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In The Crease

Wayne Gretzky's fabulous breakaway goal against the Canadiens
last week was a perfect example of why the Great One should have
been among the five players Canada used in the Olympic shoot-out
it lost to the Czech Republic. Just the thought of facing
Gretzky one-on-one can intimidate a goalie.... Speaking of
intimidation, Sabres netminder Dominik Hasek has the same effect
on shooters that Gretzky has on goalies. Players try to be too
perfect with their shots against Hasek; thus they often end up
missing the net. This makes his job easier and puts less
pressure on his defensemen because they don't have to clear as
many second-chance opportunities from the crease area.... Two
referees who have climbed in the estimation of the NHL brass are
Richard Trottier and Don Van Massenhoven. Look for them to get
some key assignments in the playoffs.... The Northeast
Division-leading Penguins have tailed off (from March 22 through
Sunday they were 1-5-4) because opponents have finally learned
how to play them. To be successful against Pittsburgh you need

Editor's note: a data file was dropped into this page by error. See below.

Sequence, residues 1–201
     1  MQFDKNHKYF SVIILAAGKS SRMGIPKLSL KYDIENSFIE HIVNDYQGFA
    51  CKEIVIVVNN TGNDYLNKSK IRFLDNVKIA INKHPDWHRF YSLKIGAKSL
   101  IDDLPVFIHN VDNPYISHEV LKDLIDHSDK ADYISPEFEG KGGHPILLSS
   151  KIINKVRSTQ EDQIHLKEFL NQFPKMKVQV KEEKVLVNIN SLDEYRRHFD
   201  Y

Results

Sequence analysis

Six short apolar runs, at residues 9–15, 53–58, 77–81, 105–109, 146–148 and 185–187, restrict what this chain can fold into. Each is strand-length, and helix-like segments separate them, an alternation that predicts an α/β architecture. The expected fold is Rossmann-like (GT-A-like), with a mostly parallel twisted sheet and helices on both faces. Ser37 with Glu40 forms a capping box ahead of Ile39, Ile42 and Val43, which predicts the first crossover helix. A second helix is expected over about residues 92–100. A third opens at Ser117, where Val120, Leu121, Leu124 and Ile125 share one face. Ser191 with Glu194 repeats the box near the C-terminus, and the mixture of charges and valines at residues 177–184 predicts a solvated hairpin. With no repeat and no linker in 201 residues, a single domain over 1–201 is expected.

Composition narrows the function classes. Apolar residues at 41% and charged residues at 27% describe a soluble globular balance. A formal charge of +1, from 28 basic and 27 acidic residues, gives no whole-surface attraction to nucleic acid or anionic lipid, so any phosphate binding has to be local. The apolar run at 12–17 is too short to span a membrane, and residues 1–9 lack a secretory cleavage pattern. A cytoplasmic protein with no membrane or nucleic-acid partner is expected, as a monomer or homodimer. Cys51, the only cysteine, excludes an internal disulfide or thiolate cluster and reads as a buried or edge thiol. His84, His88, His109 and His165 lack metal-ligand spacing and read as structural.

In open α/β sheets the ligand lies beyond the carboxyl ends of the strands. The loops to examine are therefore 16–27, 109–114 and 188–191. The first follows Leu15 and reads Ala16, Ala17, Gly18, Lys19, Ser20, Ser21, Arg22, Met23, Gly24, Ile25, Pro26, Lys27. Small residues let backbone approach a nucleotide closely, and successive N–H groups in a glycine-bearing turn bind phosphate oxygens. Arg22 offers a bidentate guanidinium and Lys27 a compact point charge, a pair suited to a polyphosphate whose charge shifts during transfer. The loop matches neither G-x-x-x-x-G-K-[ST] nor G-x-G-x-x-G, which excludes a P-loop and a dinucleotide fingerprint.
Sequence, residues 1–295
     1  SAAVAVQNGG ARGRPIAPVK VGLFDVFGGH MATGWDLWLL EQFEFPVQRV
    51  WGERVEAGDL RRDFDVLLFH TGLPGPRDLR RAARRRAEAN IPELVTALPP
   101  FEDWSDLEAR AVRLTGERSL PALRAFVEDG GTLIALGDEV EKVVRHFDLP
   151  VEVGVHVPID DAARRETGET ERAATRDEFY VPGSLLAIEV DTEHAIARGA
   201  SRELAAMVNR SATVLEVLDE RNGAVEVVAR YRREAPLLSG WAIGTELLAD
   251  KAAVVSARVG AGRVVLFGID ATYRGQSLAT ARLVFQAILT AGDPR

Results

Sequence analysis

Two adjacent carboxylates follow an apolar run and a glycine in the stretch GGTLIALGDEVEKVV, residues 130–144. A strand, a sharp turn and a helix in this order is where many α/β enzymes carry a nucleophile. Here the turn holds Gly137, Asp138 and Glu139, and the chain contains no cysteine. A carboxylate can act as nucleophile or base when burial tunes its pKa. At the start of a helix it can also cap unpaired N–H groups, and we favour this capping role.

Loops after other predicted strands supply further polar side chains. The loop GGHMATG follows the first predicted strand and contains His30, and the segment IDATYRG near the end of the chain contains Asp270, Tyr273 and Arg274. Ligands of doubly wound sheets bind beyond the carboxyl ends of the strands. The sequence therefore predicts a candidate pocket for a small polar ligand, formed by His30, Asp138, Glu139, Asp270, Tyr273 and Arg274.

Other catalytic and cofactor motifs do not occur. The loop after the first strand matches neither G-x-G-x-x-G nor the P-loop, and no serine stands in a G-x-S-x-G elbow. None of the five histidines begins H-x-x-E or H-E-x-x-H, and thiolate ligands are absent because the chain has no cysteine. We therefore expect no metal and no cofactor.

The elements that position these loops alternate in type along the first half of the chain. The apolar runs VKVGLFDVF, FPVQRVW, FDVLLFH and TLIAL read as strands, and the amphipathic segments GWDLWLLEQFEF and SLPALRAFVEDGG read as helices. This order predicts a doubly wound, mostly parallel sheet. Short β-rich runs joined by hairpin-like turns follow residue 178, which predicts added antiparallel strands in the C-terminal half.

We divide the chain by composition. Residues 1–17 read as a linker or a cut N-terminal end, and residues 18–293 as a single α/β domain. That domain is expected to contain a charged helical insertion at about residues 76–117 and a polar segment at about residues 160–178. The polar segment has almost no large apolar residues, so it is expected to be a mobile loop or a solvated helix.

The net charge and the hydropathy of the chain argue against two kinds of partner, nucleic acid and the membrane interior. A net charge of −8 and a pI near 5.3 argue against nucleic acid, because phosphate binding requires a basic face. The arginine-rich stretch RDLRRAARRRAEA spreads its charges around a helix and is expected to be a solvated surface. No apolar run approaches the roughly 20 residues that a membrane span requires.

to limit the Penguins' power-play opportunities, keep offensive
defenseman Kevin Hatcher from jumping into the rush, forecheck
Pittsburgh's vulnerable back line with a vengeance and shut down
the top line of Stu Barnes, Ron Francis and Jaromir Jagr. To get
back on track coach Kevin Constantine even pulled
Jagr--temporarily, at least--off that top unit last weekend....
One reason for the Sharks' late-season resurgence is their
improved special teams. In San Jose's last 10 games through
Sunday, its power play scored on 22.6% of its chances, and the
penalty killers had a success rate of 92.0%. Improvement in the
latter category has been attributable to the recent pairing of
forwards Mike Ricci and John MacLean.

Pierre McGuire coached the Hartford Whalers in 1993-94.